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Health and Wellness

Submitted by: Kimberly T Jackson, DO., family physician at the Dundee Family Health Center

Everyone wants to be healthy, but what does that mean? Health is defined as a state of physical and mental well-being and being free from disease. In most cases, it is much easier to talk about disease rather than health. But what does it take to become healthy? Sometimes it is as simple as knowing what you should be doing to stay healthy or what tests you should have to monitor your health. First, you should get your annual physical exams. It is during these times that a physician has the opportunity to assess what your regular body function is and make suggestions of adjustments to your diet and exercise regimen to maintain your health. Most people only see the doctor when something is wrong. It is important to be proactive and attempt to prevent disease rather than be reactive and want to fix it after-the-fact. To provide some insight into what you can do to be in your best health at any age, a discussion follows addressing:

Men’s Health

Men should have annual physical exams. It is during this office visit that routine questions are asked regarding physical and mental health. In most cases, your doctor will assess body functions through physical examination.

During this examination, your doctor will also assess your blood pressure. Normal blood pressure should be no higher than 120/80. The stages of high blood pressure include pre-hypertension at 130-139 / 80-89, Stage 1 at 140-159 / 90-99, and Stage 2 at over 160/100. Most people have elevated blood pressure, and don’t even know it because they do not check it on a regular basis. High blood pressure is known as a “silent disease” because most people do not have symptoms when their blood pressure is high. Untreated high blood pressure can cause damage to the blood vessels in your eyes and kidneys and may cause a stroke.

Beginning at age 40, all men should have a digital rectal exam to assess the size, shape, and texture of the prostate gland. A test for the PSA (prostate specific antigen) should be performed to assess any problems with prostate function. At age 50, men should also be scheduled for a routine screening colonoscopy, and at age 70 a bone mineral density test should be performed to check for osteoporosis.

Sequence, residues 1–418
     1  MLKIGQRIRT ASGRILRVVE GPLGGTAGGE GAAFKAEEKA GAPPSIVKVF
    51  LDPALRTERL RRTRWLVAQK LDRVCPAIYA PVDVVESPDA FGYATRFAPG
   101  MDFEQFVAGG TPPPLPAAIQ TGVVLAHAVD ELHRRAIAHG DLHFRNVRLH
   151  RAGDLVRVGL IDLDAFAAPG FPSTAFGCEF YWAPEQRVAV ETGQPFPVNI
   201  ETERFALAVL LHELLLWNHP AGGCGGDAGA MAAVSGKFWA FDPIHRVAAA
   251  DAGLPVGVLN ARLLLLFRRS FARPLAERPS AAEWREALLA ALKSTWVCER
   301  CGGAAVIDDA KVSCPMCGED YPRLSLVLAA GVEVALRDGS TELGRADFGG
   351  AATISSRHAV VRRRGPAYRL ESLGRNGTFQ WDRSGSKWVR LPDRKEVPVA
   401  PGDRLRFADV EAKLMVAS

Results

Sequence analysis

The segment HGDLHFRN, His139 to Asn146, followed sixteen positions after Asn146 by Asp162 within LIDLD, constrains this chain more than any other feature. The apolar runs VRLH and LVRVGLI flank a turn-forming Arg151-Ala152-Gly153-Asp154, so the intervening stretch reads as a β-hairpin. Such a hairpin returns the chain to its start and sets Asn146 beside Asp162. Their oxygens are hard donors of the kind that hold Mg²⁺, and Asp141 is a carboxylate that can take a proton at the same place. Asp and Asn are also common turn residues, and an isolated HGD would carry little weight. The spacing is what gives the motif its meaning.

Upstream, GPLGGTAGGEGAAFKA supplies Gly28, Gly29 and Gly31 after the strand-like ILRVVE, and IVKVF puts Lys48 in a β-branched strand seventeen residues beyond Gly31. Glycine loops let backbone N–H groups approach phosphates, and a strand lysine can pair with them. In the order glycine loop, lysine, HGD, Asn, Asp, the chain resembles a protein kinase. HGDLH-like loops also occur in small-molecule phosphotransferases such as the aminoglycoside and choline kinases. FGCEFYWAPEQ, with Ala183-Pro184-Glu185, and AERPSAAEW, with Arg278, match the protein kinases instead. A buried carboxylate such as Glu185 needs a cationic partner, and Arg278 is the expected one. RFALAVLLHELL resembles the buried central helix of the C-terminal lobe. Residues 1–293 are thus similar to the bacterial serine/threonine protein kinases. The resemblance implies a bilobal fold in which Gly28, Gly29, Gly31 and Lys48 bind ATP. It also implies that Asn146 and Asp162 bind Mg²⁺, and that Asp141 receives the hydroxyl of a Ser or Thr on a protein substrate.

Women’s Health

Women should have an annual physical exam, with a papanicolaou test (pap smear) starting at age 21 if they are not sexually active, or when sexual activity begins. This exam should also include an annual breast exam. The first mammogram will be used as a baseline and should be obtained between ages 35-40. Starting at age 41 a screening mammogram should be obtained every year. At age 50, a routine screening colonoscopy should be performed. Women age 65 and older should have bone density testing every two years to check for osteoporosis.

Eye care

Vision screening is recommended for all children at least once before entering school, preferably between ages 3 and 4. Yearly dilated eye exams should be performed for everyone with decreased visual acuity. Using sunglasses with UVA and UVB protection and a hat with a visor is recommended to protect your eyes from sun exposure.

Dental care

A dentist should be seen at least every 6 months for cleaning and an exam which may include x-rays. Everyone is advised to brush their teeth twice daily with fluoride-containing toothpaste. Some children may require a fluoride prescription to prevent cavities. Everyone is encouraged to use dental floss daily.

Exercise